Protesters will meet on the University of Texas campus and march to Tovo’s neighborhood with drums, chalk and speakers. Water and masks will be provided; masks are mandatory – protesters will keep safe social distancing practices in place.
Feel free to come and learn about local and statewide policy/ legislation and ways you can get engaged with the Austin Justice Coalition or just as a concerned citizen. Join the organization’s Policy Team as they continue their efforts in making sure Texas is equipped with best practice policies in criminal justice and other areas of concern for the organization.
Austin Justice Coalition July Book Club – “The End of Policing” by Alex S. Vitale
Sunday, July 26 at 5:00-6:00PM
Register for Zoom event here
This month’s book club is a discussion of The End of Policing by Alex S. Vitale and how it relates to AJC’s police advocacy work. Everyone is welcome to join.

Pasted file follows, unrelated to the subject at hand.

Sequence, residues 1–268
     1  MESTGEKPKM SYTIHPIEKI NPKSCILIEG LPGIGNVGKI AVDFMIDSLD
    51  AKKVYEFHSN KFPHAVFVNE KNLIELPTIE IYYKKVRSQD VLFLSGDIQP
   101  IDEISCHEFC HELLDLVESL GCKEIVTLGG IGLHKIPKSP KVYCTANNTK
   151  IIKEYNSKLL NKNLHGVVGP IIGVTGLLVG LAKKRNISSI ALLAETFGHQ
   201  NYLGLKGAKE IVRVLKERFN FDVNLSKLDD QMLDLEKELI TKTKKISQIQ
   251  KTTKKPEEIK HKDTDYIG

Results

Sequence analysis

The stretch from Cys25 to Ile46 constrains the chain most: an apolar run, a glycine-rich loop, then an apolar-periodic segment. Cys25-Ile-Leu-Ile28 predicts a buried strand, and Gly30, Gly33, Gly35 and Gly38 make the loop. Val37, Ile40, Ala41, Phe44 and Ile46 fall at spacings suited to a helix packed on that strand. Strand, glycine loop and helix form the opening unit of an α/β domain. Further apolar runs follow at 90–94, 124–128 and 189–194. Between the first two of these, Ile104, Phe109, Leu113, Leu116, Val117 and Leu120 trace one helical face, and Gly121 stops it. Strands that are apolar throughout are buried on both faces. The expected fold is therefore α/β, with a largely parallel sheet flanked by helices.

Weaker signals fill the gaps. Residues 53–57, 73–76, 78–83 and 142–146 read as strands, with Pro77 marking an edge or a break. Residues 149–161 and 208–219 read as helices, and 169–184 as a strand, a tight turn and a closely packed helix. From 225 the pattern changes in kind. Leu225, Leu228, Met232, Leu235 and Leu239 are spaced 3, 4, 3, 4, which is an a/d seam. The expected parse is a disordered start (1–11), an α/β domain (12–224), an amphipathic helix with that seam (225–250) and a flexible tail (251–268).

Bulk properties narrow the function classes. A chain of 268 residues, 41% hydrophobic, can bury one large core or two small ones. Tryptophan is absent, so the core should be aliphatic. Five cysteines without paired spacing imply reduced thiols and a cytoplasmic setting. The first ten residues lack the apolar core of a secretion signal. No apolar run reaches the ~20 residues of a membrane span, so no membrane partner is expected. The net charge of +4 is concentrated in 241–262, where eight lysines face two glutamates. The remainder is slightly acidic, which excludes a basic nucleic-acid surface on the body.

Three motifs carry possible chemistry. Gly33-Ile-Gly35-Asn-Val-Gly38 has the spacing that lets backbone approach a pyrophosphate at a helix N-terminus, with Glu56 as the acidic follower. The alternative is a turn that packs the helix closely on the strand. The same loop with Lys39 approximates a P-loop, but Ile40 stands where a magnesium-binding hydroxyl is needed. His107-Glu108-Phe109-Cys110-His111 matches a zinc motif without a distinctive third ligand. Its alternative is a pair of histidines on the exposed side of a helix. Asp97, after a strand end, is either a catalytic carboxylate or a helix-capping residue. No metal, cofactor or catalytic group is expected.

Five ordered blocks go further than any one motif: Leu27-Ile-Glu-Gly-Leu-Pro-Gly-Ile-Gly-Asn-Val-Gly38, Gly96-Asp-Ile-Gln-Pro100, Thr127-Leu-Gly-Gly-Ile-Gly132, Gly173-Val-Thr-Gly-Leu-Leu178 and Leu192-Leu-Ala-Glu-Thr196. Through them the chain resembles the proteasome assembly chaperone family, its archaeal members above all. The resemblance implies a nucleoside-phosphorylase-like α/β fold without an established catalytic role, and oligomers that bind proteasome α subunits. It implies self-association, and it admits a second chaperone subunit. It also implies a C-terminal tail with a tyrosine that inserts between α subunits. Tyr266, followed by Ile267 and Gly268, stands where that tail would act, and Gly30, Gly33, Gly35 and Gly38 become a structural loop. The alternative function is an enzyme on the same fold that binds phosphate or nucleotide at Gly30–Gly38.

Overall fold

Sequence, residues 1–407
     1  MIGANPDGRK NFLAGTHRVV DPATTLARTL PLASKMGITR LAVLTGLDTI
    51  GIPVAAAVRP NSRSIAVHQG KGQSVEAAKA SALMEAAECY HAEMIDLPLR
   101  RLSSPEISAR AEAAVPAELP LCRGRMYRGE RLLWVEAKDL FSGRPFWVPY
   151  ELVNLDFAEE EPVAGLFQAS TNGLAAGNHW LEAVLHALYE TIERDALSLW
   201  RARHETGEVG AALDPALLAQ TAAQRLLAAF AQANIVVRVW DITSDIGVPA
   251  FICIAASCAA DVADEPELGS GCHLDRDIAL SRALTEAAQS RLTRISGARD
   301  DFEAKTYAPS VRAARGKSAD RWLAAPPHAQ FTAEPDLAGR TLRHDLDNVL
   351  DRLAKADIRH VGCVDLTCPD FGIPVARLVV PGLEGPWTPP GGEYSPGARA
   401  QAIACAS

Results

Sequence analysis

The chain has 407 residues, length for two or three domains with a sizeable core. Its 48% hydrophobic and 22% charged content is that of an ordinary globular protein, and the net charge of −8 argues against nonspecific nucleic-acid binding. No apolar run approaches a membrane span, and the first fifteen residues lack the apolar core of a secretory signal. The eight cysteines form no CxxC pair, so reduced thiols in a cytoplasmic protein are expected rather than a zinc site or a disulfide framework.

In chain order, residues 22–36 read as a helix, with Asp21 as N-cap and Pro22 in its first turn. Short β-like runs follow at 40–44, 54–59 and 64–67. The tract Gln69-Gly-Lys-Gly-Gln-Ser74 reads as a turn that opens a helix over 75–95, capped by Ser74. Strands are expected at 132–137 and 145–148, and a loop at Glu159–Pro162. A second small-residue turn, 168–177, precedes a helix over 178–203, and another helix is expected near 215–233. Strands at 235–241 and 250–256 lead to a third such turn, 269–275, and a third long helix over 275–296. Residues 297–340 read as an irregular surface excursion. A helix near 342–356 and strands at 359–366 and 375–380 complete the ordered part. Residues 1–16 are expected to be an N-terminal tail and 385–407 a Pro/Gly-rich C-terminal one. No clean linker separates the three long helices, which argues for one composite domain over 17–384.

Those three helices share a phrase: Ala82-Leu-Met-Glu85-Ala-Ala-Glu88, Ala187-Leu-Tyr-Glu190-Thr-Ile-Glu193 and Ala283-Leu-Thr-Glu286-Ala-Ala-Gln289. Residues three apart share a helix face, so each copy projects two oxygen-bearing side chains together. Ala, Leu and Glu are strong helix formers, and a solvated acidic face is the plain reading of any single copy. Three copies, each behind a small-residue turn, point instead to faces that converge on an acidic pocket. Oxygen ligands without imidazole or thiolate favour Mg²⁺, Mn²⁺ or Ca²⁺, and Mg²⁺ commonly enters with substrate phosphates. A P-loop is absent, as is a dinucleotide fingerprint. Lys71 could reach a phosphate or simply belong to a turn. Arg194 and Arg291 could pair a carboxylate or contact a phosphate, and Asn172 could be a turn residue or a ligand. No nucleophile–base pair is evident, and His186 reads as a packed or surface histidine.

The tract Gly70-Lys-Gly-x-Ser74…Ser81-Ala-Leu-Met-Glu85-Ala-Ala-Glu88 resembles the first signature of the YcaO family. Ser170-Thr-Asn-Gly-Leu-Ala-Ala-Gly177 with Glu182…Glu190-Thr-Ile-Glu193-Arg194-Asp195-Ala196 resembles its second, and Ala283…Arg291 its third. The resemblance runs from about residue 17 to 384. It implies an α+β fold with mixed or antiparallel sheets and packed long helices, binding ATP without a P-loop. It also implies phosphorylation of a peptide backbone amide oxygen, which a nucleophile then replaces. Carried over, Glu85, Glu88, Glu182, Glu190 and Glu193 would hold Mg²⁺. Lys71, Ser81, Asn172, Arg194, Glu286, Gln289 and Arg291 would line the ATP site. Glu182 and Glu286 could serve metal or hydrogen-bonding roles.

Book description: “The problem is not over-policing, it is policing itself. Recent years have seen an explosion of protest against police brutality and repression. Among activists, journalists and politicians, the conversation about how to respond and improve policing has focused on accountability, diversity, training, and community relations. Unfortunately, these reforms will not produce results, either alone or in combination. The core of the problem must be addressed: the nature of modern policing itself.”
Hosted by Black Lives Matter Austin: “Charm City is an intimate portrait of a diverse group of neighbors, including police, citizens, community leaders, and government officials who, with grit and compassion, survive in and work to improve their vibrant neighborhoods during a violent three-year stretch in Baltimore. There they face a complex web of social issues that are both nuanced and deeply entrenched, with no easy solutions in sight for a population that has been largely abandoned to fend for itself.”